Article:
The race is now on to constitute forces capable of overcoming such odds and achieving a breakthrough. Moscow already has a substantial troop reserve. Last year, it mobilised 300,000 recruits and sent half of them straight into battle with minimal training. The remaining 150,000 are being trained but it is not clear to what end. They could just be rotated in piecemeal to replace casualties, or Russia could be building a new armoured brigade.
Outfitting such a force with effective equipment will be a challenge. The Russian army has been bringing antiquated equipment out of storage to replace its losses, and there are many signs it is trying to economise on its use of missiles and artillery shells. The force that Russia is assembling is an inferior, cheaper version of the force with which it began the war.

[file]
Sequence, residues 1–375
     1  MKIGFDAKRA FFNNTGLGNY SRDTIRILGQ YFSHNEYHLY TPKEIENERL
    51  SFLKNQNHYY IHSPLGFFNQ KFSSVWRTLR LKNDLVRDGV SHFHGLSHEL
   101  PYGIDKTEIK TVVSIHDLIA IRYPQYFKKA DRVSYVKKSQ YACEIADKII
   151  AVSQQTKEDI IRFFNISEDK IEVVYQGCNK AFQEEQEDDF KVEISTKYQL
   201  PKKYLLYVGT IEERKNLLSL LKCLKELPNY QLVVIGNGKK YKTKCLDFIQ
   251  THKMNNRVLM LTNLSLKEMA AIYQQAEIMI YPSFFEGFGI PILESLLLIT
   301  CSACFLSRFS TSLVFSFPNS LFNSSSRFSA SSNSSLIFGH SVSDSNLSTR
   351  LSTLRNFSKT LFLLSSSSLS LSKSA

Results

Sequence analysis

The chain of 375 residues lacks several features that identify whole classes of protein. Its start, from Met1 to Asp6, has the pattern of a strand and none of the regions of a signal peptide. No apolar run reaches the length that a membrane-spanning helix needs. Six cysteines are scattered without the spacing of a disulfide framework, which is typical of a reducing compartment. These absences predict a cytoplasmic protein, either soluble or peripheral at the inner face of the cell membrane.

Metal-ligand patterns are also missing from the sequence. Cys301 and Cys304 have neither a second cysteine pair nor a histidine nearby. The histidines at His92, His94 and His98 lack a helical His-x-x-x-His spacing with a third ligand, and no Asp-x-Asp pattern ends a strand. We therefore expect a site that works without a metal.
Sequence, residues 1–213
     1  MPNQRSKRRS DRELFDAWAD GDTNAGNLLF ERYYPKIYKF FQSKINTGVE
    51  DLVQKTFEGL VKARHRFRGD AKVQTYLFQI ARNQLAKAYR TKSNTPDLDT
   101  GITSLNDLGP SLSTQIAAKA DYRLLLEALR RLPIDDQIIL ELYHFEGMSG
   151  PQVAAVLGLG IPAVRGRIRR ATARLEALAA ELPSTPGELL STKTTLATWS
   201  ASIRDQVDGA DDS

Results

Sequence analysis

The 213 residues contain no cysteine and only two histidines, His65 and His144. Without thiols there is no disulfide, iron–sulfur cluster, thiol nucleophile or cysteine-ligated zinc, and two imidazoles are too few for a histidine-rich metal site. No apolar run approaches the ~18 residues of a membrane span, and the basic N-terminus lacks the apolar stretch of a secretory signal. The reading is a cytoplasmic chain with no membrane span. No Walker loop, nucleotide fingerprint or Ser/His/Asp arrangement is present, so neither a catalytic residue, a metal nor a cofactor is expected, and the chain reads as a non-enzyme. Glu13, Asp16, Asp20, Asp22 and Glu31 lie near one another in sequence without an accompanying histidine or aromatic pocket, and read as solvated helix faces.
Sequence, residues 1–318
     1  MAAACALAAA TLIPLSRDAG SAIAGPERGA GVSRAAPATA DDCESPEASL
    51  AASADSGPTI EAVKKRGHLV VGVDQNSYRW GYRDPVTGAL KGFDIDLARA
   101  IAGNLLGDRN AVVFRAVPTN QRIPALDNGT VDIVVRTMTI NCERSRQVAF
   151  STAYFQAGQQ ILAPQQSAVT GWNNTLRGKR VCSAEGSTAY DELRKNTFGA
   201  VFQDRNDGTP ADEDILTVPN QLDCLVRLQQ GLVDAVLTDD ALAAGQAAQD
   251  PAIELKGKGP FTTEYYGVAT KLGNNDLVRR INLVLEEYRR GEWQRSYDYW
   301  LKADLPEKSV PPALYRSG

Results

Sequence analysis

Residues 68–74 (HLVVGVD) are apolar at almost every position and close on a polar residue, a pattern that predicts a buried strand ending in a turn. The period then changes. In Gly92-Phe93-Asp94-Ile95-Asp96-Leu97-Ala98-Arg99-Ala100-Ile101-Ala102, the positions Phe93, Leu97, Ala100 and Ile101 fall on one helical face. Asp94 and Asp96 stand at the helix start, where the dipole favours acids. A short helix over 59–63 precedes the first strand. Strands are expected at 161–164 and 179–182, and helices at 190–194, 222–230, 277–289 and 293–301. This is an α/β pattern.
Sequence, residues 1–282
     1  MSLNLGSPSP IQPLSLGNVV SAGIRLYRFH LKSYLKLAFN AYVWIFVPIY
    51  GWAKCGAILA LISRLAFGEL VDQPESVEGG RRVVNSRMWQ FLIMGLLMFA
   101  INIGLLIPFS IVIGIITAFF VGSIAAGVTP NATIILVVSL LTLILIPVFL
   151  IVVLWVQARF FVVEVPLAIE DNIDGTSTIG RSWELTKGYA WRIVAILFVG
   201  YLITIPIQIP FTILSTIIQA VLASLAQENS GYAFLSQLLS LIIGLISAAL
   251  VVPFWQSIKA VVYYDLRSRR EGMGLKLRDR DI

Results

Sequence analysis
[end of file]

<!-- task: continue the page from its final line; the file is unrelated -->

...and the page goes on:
There are also serious questions over whether Russia forces have learned the tactical lessons from the fiasco a year ago and are in any better shape now to mount properly coordinated attacks.
“I think the Russian ability for offensive manoeuvre on a large scale right now is really challenged,” said Dara Massicot, former senior Pentagon analyst on Russian military capabilities, who is now a senior policy researcher at the Rand Corporation.